- Associated Press - Tuesday, October 14, 2014

ALBANY, N.Y. (AP) - Political challengers to New York Gov. Andrew Cuomo are making pilgrimages to Pennsylvania drilling sites to argue for and against hydraulic fracturing for natural gas - and highlight Cuomo’s reluctance to weigh in on a subject that almost evenly divides voters.

Green Party candidate Howie Hawkins opposes the drilling technique, also called fracking, and last week visited sites in Pennsylvania to highlight what he says are negative health and environmental impacts.

Republican gubernatorial candidate Rob Astorino supports fracking and plans to visit a Pennsylvania fracking operation later this month to show what he says are the economic benefits.

“President Obama supports hydro-fracking,” Astorino told a gathering of business leaders this month, saying that if he’s elected “we’ll move forward with the proper environmental safeguards in place and join the 30 other states in harvesting this abundant energy resource beneath the ground.”

Meanwhile, Cuomo steers clear. A long-awaited decision on whether to allow fracking in New York has been delayed until after the Nov. 4 election. Cuomo says he wants to see the scientific evidence before weighing in. He’s also said he will visit communities where fracking is allowed before deciding whether to lift the state’s moratorium.

“On a weekly basis, you can get academics and reports saying it’s totally safe, and then the next week you get a report saying it’s the most dangerous thing since a nuclear explosion,” Cuomo said last week.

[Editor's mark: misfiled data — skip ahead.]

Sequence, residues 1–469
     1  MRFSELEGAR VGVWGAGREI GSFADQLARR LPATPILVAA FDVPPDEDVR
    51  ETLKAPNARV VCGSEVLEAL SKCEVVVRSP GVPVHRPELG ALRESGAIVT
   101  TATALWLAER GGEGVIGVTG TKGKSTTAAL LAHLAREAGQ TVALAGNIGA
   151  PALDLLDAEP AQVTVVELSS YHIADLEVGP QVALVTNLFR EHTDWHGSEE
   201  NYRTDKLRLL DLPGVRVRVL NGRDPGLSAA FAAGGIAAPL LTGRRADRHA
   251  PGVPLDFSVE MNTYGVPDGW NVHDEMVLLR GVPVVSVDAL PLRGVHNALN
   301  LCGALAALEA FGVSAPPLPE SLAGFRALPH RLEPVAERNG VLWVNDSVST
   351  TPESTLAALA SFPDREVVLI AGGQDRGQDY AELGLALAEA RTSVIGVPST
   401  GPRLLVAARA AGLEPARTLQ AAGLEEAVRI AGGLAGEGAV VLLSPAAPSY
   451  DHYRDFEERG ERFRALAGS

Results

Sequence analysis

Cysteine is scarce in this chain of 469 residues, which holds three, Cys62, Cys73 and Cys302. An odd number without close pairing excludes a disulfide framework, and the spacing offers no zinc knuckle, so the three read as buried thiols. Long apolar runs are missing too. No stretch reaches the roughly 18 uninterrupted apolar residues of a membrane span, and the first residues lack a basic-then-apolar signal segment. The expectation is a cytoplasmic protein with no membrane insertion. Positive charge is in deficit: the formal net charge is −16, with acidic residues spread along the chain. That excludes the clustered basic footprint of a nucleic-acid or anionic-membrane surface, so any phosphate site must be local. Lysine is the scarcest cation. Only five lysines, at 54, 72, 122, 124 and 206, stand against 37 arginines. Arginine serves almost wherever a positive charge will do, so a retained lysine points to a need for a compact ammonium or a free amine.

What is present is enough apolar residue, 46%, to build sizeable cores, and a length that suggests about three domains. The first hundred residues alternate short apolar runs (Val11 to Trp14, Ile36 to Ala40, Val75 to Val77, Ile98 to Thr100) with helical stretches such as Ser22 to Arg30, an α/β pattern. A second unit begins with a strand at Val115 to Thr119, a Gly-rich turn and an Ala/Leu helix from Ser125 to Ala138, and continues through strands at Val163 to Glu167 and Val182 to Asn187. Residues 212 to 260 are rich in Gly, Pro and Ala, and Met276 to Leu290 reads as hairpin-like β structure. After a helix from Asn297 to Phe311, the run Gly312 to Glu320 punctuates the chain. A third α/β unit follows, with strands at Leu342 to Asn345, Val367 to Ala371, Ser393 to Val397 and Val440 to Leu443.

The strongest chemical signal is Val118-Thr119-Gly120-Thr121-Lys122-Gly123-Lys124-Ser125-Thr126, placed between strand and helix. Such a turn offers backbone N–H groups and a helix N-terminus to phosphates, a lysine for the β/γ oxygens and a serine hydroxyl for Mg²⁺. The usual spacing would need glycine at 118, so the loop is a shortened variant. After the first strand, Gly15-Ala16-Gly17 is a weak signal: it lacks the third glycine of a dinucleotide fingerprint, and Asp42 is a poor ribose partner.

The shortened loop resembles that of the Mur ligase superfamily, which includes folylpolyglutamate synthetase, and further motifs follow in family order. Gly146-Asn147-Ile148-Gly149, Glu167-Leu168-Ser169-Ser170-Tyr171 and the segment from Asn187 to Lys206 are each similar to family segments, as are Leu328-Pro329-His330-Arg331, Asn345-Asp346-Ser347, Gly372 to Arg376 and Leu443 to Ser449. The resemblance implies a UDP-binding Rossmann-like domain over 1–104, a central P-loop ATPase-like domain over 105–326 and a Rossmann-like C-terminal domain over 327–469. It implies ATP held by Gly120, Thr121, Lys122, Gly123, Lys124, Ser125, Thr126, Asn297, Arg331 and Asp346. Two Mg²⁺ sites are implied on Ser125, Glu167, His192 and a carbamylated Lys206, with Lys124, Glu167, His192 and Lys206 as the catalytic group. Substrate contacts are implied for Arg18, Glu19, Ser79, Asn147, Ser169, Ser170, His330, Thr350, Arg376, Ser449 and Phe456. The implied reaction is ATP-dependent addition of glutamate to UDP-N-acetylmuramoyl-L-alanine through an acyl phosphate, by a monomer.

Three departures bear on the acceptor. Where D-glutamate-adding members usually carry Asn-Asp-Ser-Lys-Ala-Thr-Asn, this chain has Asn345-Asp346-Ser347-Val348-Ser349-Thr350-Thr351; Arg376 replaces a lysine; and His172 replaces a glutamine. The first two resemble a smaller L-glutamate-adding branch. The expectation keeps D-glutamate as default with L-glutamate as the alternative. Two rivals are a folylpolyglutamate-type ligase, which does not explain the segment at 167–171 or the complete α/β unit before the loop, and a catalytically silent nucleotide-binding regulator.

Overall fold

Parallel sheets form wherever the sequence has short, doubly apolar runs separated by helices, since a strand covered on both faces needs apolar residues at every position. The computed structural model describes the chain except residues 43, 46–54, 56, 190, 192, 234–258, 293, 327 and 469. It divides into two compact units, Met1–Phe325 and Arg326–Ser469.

“I’m not a scientist,” he said. “I’m not going through the data and the research myself, but they are.”

Pennsylvania has seen a boom in drilling in the Marcellus Shale, a formation that also lies below New York’s Southern Tier.

Polls show New Yorkers are nearly evenly split on the issue. A statewide Quinnipiac Poll in August found that 48 percent of voters oppose fracking, while 43 percent support it. The Aug. 14-17 poll included 1,034 voters with a margin of error of 3.1 percent.

Polls suggest support is highest upstate and lowest in New York City.

Astorino and Hawkins both attack Cuomo for his cautious approach.

“I’m the only anti-fracking candidate,” Hawkins told reporters Monday. “Cuomo is sitting on the fence waiting for the election to be over.”

In legislative races fracking often comes down to geography. Many candidates in the Southern Tier support drilling; candidates in New York City often oppose it.

Groups on both sides are pressuring candidates and claiming to have the support of voters and the experts.

“Grassroots opposition to fracking has continued to grow in strength throughout this election cycle - and it demands that Governor Cuomo and elected officials must listen to the science,” said Alex Beauchamp of New Yorkers Against Fracking.

Dan Fitzsimmons, president of the Joint Landowners Coalition of New York, said members of his pro-fracking group also are frustrated at the delays.

“It’s all about politics,” he said.


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